Notably, CHS-828 seems to show an upper level in LD50 values around 5-10 μM which is significantly lower than what is seen for APO866. We speculate that this may be due to a secondary mechanism of cytotoxicity occurring at above 1 μM. This has also previously been suggested [36, 37]. Although this currently unknown mechanism may be less important in cellular and molecular assays, it may well be of interest clinically for CHS-828, specifically since serum concentrations of the drug have been reported to reach 11 μM in clinical trials . However, it is unlikely that it is related to the previously proposed action of CHS-828 as an inhibitor of the I-κB kinase (IKK) complex . CHS-828 showed no inhibition of IKKα, IKKβ or TBK1 enzymes in vitro (unpublished results, Olesen, UH). APO866 displayed a surprisingly specific induction of cell death in tumour cells ranging five orders of magnitude from close to 1 nM to more than 30 μM in vitro and a similar specificity was seen for TP201565. Finally, the specific nature required of mutations in NAMPT to confer resistance combined with the lack of resistance induced even at prolonged drug treatment in a number of combinations of cell lines and NAMPT inhibitors may indicate that resistance is not induced frequently unless a suitable mutation in NAMPT is already present in a population of tumour cells. However, we also found that the resistance is not easily reversible. Also, no significant increase in tumour doubling times occurred in vivo for the resistant cell lines. Rather, we find that HCT-116/APO866 xenografts displayed reduced tumour doubling times compared to HCT-116. As we did not observe a similar trend for PC-3/TP201565 it seems unlikely to be due to increased NAMPT levels. Rather, the induction of resistance may have resulted in the development of an unidentified growth advantage in HCT-116/APO866. Further, the in vitro resistance also conferred insensitivity to APO866 treatment in xenograft models shown for HCT-116/APO866.
The PC-3/TP201565 cell line is highly resistant towards NAMPT inhibitors while displaying up-regulation but no mutations of NAMPT. The up-regulation could be due to increased gene copy number. We found that the basal NAMPT activity in the resistant cell line and also in transfected NAMPT over-expressing HEK293T/WT was much higher than in wild type PC-3 and HEK293T cells. The fact that PC-3/TP201565 cells displayed higher total activity than HEK293T/WT despite the latter having higher expression of NAMPT agrees with previous findings that endogenous NAMPT has higher activity compared to recombinant NAMPT . However, the IC50 was not significantly changed and although the absolute NAMPT activity remained high relative to wild type PC-3 and HEK293T at concentrations of APO866 up to 1-10 μM, it would not seem to fully explain the >10 μM LD50 value observed for APO866 in PC-3/TP201565. Further, the resistance appeared to be specific to NAMPT inhibitors as cross-resistance to other chemotherapeutics was not observed and it was not related over-expression of MDR1 and 2. Also, CHS-828 has displayed only low to moderate sensitivity to mechanisms of MDR based on over-expression of Pgp170 and MRP, increased levels of gluthation and tubulin-associated MDR [23, 40]. Thus, we believe that PC-3/TP201565 cells are likely to possess a further, yet unknown, specific mechanism of resistance. Still, the over-expression explains part of the resistance and, as also seen for HEK293T/WT cells, high levels of NAMPT may be sufficient to induce resistance which would be significant in a clinical setting. This is similar to the situation with thymidylate synthase where high expression levels predict resistance to 5-fluorouracil and a poor treatment outcome [41, 42].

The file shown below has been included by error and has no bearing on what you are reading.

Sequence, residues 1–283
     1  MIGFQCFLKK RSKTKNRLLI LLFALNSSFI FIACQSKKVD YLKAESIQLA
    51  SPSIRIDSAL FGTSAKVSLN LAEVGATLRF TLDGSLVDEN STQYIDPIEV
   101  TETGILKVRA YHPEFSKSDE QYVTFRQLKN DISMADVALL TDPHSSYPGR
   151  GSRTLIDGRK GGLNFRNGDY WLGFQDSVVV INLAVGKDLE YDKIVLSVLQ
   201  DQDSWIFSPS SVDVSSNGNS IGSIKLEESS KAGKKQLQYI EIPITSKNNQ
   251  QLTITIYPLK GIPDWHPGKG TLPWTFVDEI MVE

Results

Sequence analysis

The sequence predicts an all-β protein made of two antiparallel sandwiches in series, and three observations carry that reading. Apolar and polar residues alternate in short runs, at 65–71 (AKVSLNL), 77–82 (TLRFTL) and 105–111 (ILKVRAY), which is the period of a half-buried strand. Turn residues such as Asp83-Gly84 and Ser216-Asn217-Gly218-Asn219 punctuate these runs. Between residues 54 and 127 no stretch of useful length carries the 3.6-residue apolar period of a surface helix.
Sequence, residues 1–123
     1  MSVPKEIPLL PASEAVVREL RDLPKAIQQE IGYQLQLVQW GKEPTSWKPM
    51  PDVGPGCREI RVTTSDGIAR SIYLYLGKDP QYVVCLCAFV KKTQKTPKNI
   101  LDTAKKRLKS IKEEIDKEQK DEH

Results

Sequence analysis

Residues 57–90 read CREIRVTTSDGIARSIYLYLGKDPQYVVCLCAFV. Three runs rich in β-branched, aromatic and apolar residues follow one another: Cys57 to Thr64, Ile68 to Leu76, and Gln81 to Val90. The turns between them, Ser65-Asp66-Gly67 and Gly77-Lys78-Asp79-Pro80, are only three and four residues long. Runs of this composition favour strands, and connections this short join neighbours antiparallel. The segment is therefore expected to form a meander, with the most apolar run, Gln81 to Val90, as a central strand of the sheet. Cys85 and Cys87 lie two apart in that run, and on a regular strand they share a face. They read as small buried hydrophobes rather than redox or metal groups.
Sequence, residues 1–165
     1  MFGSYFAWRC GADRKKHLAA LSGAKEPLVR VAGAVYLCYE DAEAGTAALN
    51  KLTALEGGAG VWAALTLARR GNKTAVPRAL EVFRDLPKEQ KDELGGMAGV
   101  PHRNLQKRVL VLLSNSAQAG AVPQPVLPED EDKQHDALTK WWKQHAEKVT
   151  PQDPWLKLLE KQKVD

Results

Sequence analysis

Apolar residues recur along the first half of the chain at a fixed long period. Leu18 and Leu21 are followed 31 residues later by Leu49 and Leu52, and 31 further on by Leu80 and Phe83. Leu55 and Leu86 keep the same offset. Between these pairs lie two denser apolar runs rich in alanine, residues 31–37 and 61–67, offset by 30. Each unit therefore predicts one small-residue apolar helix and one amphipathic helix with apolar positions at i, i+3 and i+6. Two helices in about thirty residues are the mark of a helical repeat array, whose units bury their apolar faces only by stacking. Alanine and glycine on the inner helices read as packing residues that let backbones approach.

The crystal structure of NAMPT in complex with APO866 has previously led to suggestions on improving the potency of APO866 based on its interaction with the NAMPT binding site [14, 43]. So far, published APO866 analogues have shown less activity in cellular assays [44, 45]. We found that the mutations in NAMPT identified in the resistant cell lines show a tendency to locate either in the binding site or dimer interface. These mutations may directly or indirectly adjust the shape of the binding site so that it is unsuitable for the relatively large NAMPT inhibitors while still accessible for nicotinamide and NMN. Also, others have recently published a single resistant cell line showing a point mutation, G217R, which is close to the active site of NAMPT and is responsible for high-grade resistance towards CHS-828 [14, 35]. We hope that the identification of a new class of NAMPT inhibitors and the characterization of resistance inducing mutations in NAMPT may be useful in developing second-generation NAMPT inhibitors with higher potency and potentially less affected by acquired resistance.